My online Asset Pricing course is back again, after one more software/administrative change once again threatened its demise. It's still on Canvas, but you have to ask to sign on.The course is here, University of Chicago Canvas course 23303. To log in and use it, you need to email [email protected] If that doesn't work, email ...
John H. Cochrane considers the following as important: finance, Teaching, Thesis topics, Videos
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The course is here, University of Chicago Canvas course 23303. To log in and use it, you need to email [email protected]. If that doesn't work, email me john dot cochrane at stanford dot edu, and I'll see what's wrong.
The videos, notes, and other materials are still available ungated on my website, here, under the "Asset Pricing" tab.
If all goes well you see this:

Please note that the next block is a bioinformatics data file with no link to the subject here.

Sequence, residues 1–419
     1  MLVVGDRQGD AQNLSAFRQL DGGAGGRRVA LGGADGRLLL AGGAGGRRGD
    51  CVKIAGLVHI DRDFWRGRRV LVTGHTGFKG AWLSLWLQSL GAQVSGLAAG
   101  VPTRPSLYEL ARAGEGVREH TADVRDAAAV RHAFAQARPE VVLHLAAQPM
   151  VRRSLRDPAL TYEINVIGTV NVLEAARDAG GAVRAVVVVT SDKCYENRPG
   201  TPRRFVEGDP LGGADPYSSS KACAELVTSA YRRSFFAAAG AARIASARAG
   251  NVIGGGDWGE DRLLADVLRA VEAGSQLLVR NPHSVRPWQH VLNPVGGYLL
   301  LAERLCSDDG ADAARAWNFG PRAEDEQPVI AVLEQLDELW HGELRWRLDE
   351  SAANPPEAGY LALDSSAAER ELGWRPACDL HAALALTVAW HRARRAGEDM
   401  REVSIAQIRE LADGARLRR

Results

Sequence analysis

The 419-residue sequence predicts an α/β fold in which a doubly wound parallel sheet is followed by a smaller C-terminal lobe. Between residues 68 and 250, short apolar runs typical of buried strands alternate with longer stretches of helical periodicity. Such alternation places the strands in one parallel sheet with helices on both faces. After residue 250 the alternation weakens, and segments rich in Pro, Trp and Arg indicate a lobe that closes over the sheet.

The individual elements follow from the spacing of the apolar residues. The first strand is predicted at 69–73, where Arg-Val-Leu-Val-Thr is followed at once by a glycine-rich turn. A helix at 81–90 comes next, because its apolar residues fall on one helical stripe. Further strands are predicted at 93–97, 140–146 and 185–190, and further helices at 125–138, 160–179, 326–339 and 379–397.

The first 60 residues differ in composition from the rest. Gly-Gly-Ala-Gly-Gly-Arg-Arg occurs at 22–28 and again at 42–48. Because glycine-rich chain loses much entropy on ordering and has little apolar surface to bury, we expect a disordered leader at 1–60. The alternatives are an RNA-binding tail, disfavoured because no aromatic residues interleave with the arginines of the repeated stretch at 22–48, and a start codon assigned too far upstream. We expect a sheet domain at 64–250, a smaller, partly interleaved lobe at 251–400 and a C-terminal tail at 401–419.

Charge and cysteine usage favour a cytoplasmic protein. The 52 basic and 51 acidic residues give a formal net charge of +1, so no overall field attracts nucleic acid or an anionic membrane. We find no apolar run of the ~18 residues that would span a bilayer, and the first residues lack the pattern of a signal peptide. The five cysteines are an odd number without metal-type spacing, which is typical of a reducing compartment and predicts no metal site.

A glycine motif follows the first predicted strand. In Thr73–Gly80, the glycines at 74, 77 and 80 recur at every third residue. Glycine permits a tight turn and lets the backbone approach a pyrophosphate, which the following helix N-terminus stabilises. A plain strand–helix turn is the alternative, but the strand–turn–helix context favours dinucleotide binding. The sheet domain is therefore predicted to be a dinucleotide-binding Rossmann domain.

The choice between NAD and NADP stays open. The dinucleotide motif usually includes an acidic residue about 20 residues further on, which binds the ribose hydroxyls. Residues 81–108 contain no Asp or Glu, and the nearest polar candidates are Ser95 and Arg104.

Economic note: It's interesting how software depreciates so rapidly, though its physical being depreciates not at all. Perfectly good software stops working as operating systems and machines get "upgraded," as IT departments seem to latch on to new "solutions" every three years, and so forth. Most of my email from before the mid 2000s is gone due to an "upgrade." My website is in the midst of an "upgrade" crisis, and I can't seem to keep the online class going for more than two or three years. There is an interesting economics paper in this. As son of a historian, I feel for the historians of a few hundred years from now who, looking back on our interesting era, will find a blank void, as all of our records are unreadable.